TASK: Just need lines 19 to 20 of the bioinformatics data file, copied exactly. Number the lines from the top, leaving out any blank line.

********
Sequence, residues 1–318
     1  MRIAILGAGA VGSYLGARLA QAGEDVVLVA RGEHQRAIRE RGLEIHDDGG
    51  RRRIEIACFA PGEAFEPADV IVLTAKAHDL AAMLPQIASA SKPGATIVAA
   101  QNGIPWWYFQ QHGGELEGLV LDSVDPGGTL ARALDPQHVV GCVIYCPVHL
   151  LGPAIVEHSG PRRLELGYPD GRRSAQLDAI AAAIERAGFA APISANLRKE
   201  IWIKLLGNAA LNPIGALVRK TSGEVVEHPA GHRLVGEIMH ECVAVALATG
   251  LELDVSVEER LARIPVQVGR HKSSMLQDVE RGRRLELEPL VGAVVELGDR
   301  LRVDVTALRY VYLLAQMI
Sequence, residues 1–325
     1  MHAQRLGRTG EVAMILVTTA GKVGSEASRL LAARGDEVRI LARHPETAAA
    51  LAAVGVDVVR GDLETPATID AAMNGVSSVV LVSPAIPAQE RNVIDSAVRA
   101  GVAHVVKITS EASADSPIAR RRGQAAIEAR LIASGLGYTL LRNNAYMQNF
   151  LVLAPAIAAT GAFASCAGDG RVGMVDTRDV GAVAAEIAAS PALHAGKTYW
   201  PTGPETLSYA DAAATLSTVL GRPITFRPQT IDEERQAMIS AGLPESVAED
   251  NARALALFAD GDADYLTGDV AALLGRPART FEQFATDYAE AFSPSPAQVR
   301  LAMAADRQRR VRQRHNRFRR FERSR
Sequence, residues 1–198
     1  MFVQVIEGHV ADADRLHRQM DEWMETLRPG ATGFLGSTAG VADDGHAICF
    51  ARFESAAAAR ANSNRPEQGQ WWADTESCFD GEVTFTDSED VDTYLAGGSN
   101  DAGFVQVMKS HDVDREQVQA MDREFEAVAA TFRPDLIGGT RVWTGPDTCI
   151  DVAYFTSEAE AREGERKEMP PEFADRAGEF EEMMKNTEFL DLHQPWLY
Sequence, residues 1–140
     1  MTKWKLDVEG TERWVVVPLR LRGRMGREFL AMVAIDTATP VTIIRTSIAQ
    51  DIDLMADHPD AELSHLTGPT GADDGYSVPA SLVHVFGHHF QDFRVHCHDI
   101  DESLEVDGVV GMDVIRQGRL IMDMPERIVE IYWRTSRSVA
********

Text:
    51  ARFESAAAAR ANSNRPEQGQ WWADTESCFD GEVTFTDSED VDTYLAGGSN
   101  DAGFVQVMKS HDVDREQVQA MDREFEAVAA TFRPDLIGGT RVWTGPDTCI